“The Living Years” is a ballad written by Mike Rutherford and B. A. Robertson, and recorded by Rutherford’s British rock band Mike + The Mechanics. It was released in December 1988 in the United Kingdom and in the United States as the second single from their album Living Years.
The song was a chart hit around the world, topping the US Billboard Hot 100 on 25 March 1989, and reaching No.1 in Canada and Australia and No.2 in the UK. It spent four weeks at No. 1 on the US Adult Contemporary chart. Paul Carrack sings lead vocals on the track.
The song addresses a son’s regret over unresolved conflict with his now-deceased father. It won the Ivor Novello Award for Best Song Musically & Lyrically in 1989, and was nominated for four Grammy awards in 1990, including Record and Song of the Year, as well as Best Pop Performance by a Duo or Group with Vocals and Best Video.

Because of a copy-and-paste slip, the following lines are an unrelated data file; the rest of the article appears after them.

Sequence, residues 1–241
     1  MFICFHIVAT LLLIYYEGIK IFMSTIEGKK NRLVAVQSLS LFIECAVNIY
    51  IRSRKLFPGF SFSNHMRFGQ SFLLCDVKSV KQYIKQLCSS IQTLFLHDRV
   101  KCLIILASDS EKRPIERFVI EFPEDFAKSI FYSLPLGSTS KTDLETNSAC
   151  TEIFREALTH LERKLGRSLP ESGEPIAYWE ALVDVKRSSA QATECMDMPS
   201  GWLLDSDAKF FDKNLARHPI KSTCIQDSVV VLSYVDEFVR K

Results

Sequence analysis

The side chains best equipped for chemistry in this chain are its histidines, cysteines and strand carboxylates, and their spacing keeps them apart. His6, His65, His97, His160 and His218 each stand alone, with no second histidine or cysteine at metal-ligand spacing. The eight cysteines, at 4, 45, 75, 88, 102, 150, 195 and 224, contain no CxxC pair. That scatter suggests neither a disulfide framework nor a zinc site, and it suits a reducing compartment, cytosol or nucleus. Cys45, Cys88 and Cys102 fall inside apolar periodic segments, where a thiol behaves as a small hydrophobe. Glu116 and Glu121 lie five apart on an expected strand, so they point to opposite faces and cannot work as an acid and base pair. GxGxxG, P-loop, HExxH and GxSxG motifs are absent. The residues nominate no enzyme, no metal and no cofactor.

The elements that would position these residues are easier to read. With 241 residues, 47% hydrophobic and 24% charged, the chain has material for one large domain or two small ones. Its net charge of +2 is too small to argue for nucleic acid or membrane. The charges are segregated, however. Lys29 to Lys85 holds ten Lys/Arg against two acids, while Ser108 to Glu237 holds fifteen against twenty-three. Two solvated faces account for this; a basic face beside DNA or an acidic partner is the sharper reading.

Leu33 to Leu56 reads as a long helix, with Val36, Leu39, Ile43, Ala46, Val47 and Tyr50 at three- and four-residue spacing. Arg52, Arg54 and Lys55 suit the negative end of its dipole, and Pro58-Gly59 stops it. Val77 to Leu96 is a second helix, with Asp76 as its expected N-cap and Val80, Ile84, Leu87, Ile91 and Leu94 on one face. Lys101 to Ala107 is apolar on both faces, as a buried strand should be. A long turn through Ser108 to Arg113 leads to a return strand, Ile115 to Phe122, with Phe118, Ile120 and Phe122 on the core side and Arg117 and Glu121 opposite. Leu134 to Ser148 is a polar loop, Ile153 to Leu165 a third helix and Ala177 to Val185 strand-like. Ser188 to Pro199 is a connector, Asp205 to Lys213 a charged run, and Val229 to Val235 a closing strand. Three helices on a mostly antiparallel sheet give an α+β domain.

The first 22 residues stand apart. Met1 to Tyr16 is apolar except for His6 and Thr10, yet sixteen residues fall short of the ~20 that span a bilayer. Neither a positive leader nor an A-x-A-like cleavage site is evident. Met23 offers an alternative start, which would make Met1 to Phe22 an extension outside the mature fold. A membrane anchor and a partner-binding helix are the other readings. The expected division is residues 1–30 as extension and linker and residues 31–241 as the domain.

In 1996, famed composer Burt Bacharach opined: “‘The Living Years’ is one of the finest lyrics of the last 10 years.” In 2004, “The Living Years” was awarded a 4 Million-Air citation by BMI
Hear the song below:
The Mike + The Mechanics version was initially promoted to give the impression about the disagreements between Mike Rutherford and his father, who had recently died. In an interview with Rutherford, he said:
“The lyrics were written by BA [Robertson] and the song is about something he went through. He lost his dad and it’s about the lack of communication between him and his father before he died. There’s also the irony of him having a baby just after losing his father.”
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